It’s Thunder Trike, the super hero who roars into battle on a tricycle!
Or maybe just the guy with badly placed cover art.
In the 1990s, when heroes weren’t donning metallic versions of their union suits, they were running into copycats – Captain America had USAgent, Iron Man had War Machine and Thor had … Thunderstrike! Despite a shocking ponytail, the so-called ‘everyman Avenger’ headlined his own comic for a couple of years before being killed off. So he must have had his fans.
I wasn’t one – nothing against the guy, but one Thor/Cap/Iron Man was quite enough for me. And that hairdo …
Sixteen years on, he’s back, and I’m giving his first issue a try, mainly to see how writer Tom DeFalco approaches the mainstream Marvel Universe after years spent chaperoning Spider-Girl in an imaginary future. The other point of interest, given how many appalling outfits he wore in his previous short publishing existence, is to see how Marvel updates Thunderstrike’s look for the 21st century.
Not at all, as it happens – the hero returns in his best-known outfit, a combination of Thor’s iconic shirt, naff sleeveless leather jacket and that stupid ponytail. But there is one big difference – Eric Masterson remains dead, and his teenage son, Kevin, has inherited his body, along with his magical mace. Kev’s already an angry little snot, so heaven knows how he’ll react to looking like a guy rejected by the Village People for seeming too camp.
Kevin’s actually the only problem with this story. Oh sure, he’ll go on the old Hero’s Journey, and learn to be a better person, but by the time the process begins here he already has me hoping he’ll get eaten by a passing troll. He’s angry at some kid at his school for reasons unknown, his mother for moving the family to New York, his stepdad for trying to be a nice guy, the Avengers for supposedly letting his father get killed, his dad for getting killed … If the Thunderstrike mace had an enchantment akin to that which ensures Thor’s hammer can be lifted only by the worthy, Kevin would remain happily ponytail free.
As it is, America’s Top Cop (TM) Steve Rogers simply hands him the weapon because it’s legally his, brushing aside Girl Friday Sharon Carter’s protestations that the kid’s a loose cannon. ‘I’ve helped former super-villains go on to become the greatest Avengers,’ he points out.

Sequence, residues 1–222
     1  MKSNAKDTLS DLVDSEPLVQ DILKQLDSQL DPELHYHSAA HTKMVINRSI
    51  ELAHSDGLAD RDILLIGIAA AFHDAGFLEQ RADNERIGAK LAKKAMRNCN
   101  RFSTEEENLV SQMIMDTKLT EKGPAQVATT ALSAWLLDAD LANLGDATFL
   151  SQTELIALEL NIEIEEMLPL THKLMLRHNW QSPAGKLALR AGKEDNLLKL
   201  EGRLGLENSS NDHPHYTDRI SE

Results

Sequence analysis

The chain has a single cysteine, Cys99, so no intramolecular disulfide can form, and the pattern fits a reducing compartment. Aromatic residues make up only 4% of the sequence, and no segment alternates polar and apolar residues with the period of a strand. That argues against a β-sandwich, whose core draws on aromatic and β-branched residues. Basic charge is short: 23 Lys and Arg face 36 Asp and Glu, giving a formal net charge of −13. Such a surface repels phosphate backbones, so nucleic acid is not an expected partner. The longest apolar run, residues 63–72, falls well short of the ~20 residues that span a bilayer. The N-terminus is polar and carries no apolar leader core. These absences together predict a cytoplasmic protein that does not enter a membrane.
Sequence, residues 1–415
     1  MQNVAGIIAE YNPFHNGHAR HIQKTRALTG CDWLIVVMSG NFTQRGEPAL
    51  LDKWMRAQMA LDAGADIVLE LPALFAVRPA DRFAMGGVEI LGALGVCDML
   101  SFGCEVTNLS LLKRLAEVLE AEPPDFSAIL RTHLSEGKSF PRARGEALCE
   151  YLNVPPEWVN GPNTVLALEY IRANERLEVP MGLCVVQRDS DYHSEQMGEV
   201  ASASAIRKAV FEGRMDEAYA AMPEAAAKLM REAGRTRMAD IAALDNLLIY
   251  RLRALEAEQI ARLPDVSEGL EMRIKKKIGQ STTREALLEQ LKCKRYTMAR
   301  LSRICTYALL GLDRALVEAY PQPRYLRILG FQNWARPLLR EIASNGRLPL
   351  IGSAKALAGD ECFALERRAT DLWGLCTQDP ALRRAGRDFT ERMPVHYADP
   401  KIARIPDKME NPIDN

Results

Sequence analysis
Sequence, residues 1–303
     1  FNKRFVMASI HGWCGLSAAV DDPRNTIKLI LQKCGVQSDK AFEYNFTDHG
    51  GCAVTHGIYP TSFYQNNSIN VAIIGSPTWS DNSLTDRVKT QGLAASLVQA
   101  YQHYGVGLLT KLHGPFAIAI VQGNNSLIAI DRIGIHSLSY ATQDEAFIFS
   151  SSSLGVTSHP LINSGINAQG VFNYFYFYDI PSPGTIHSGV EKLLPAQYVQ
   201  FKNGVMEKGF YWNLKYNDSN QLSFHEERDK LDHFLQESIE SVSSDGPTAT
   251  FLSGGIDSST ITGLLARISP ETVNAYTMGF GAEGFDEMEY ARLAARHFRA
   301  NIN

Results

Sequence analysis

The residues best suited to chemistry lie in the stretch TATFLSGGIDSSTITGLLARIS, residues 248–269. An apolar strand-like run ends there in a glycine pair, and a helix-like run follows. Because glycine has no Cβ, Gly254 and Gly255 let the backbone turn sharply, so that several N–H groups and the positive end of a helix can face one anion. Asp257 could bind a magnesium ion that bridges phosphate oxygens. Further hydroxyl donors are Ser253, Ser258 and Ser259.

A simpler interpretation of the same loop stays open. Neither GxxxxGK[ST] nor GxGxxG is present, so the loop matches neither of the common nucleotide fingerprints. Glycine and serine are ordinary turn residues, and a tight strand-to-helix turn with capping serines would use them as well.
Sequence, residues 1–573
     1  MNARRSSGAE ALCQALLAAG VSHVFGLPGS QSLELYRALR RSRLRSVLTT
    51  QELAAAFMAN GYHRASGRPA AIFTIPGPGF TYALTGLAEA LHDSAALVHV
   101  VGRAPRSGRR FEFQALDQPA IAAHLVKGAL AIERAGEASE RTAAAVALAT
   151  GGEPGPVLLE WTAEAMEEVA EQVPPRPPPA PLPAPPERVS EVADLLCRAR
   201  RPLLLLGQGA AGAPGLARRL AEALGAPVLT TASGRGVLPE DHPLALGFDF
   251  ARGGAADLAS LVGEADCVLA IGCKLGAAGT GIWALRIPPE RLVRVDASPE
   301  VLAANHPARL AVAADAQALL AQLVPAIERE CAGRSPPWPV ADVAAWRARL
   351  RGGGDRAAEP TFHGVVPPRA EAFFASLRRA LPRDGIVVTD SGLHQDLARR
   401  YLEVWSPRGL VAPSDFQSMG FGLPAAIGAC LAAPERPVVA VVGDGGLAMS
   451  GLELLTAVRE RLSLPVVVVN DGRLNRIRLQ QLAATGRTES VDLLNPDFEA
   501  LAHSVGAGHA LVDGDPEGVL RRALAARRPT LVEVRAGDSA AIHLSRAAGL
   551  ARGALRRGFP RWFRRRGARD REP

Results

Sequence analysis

And I’ve few doubts he’ll be proven right. The minute a crisis breaks out, Kevin steps up to help, and the spell connected to the mace kicks in, transforming him into Thunderstrike/Dad/Fabio. The final few pages of the story have Kevin and the new Rhino going at it hammer and tong, with DeFalco capturing Kevin’s eminently reasonable confusion rather well. It’s interesting to see how a bullying teenager’s attitude so easily translates into the righteous boasts of a superhero.
The fight scene is a wonderful example of old school Marvel – bombastic, unambiguous fun, courtesy of veteran penciller Ron Frenz and finisher Sal Buscema … there’s a reason these chaps have survived for decades in a competitive industry. They know how to tell a story, they know how to sell a story. There’s nothing especially innovative here, the reader is simply allowed to relax into the tale.
I’m not sure whether to credit Frenz, or the excellent letterer Dave Sharpe, but the sound effects are first class- there’s at least one brilliant homage to John Workman, whose calligraphy helped define an era of Thor. And colourist Bruno Hang does a decent job, though the lasting tonal impression is a tad brown for my liking.
So how does DeFalco cope, back in the 616 universe? Just fine. He knows how to craft a fast-moving, coherent comic strip – characters are introduced, backstory is woven in and the premise of the series is laid out, while the dialogue is more than decent.
But that’s not all he wrote. There’s a back-up, drawn by Todd Nauck, which shines a light on a moment of mystery in the lead strip, while spotlighting the many looks of Thunderstrike – verily, he be the Norse god of style disasters. It’s a useful recap for us newcomers which also manages to move the new story forward.
Thunderstrike #1 is a comfortable, enjoyable read, a great example of classic superheroics and I’ll be back next month to see what happens next. I hope the market has room for a well-done, fairly traditional comic book.